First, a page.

Sweeteners

A sugar substitute is a food additive that duplicates the effect of sugar in taste, usually with less food energy. Some sugar substitutes are natural and some are synthetic. Stevia has been widely used as a natural sweetener in South America for centuries and in…

A sugar substitute is a food additive that duplicates the effect of sugar in taste, usually with less food energy. Some sugar substitutes are natural and some are synthetic. Stevia has been widely used as a natural sweetener in South America for centuries and in Japan since 1970.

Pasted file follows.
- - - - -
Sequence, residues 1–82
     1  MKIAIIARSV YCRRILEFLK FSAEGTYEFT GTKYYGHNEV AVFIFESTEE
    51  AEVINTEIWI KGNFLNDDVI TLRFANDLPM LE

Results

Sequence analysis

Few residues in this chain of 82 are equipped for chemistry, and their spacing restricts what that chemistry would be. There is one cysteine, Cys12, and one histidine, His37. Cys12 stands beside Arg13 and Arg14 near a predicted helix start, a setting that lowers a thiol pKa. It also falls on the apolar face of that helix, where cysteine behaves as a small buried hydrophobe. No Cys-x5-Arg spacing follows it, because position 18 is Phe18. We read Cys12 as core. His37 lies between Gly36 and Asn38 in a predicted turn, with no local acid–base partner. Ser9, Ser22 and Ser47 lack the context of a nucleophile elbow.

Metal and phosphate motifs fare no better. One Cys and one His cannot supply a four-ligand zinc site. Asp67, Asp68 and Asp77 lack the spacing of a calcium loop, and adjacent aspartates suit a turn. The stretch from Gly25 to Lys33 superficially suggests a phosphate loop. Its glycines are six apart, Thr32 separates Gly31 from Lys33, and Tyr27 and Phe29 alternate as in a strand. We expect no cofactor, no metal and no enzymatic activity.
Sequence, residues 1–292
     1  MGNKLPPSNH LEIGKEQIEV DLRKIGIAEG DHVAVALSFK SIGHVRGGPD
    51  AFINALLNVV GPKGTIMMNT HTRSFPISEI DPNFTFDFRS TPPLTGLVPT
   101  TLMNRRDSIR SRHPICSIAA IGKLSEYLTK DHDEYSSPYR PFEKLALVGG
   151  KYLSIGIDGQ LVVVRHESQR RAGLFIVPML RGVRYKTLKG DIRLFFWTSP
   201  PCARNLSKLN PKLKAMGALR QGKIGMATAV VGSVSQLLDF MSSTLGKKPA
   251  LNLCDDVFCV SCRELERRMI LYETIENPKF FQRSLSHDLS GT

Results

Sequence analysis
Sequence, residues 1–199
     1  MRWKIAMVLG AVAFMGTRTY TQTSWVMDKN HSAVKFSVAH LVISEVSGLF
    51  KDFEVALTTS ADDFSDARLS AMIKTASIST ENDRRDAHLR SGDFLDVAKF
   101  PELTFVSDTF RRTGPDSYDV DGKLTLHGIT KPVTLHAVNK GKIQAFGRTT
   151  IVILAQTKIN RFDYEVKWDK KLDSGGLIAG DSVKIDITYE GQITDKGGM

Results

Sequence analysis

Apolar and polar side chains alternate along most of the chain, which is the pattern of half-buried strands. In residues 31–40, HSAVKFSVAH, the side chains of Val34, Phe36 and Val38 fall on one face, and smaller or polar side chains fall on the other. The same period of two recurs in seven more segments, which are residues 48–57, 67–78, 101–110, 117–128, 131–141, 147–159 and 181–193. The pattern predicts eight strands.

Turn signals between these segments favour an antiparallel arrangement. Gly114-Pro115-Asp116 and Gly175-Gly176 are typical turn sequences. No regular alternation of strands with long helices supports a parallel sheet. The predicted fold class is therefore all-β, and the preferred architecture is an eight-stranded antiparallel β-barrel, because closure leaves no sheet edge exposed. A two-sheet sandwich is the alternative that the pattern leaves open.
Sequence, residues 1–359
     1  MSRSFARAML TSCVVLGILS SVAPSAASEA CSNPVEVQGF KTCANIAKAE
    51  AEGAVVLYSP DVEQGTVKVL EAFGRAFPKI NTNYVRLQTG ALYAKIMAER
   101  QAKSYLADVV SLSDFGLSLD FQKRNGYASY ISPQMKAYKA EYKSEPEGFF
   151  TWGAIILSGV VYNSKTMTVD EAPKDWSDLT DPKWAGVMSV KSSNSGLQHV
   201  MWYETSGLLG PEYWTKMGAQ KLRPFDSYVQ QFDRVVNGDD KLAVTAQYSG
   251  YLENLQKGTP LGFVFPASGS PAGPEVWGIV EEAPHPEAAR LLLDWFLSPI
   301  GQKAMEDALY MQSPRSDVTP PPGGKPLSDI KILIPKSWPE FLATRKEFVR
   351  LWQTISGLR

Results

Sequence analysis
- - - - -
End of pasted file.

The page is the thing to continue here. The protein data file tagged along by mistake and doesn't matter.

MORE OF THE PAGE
Due to its unique characteristics of zero glycemic index and zero calories, it is fast becoming popular in many other countries. In 1987, the FDA issued a ban on stevia because it had not been approved as a food additive. After being repeatedly provided with a significant amount of scientific data proving that there was no side-effect of using stevia as a sweetener from companies such as Cargill and Coca-Cola, the FDA gave a “no objection” approval for GRAS status in December 2008 to Truvia, a blend of rebiana and erythritol, as well as PureVia both of which using rebaudioside A derived from the Stevia plant.

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